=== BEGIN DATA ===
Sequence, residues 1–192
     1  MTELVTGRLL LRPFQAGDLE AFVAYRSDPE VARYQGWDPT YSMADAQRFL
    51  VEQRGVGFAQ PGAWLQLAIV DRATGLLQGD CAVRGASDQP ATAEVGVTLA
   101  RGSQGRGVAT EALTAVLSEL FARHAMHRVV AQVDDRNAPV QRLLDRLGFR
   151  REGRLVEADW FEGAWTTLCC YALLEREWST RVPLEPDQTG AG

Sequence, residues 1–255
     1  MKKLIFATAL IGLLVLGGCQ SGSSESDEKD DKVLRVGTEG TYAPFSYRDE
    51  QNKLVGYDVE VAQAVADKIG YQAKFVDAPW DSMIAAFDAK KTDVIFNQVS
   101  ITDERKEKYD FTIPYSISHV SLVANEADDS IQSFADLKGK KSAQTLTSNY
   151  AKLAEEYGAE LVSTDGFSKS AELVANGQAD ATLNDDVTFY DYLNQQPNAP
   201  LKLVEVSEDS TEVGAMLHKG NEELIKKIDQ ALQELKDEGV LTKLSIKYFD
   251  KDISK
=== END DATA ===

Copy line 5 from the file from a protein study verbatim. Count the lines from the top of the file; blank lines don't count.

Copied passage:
   151  REGRLVEADW FEGAWTTLCC YALLEREWST RVPLEPDQTG AG